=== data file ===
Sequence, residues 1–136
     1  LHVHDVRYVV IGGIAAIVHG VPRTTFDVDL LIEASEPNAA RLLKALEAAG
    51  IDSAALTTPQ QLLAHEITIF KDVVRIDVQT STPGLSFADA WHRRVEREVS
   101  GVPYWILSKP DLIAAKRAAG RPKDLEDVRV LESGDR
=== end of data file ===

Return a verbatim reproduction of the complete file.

Sequence, residues 1–136
     1  LHVHDVRYVV IGGIAAIVHG VPRTTFDVDL LIEASEPNAA RLLKALEAAG
    51  IDSAALTTPQ QLLAHEITIF KDVVRIDVQT STPGLSFADA WHRRVEREVS
   101  GVPYWILSKP DLIAAKRAAG RPKDLEDVRV LESGDR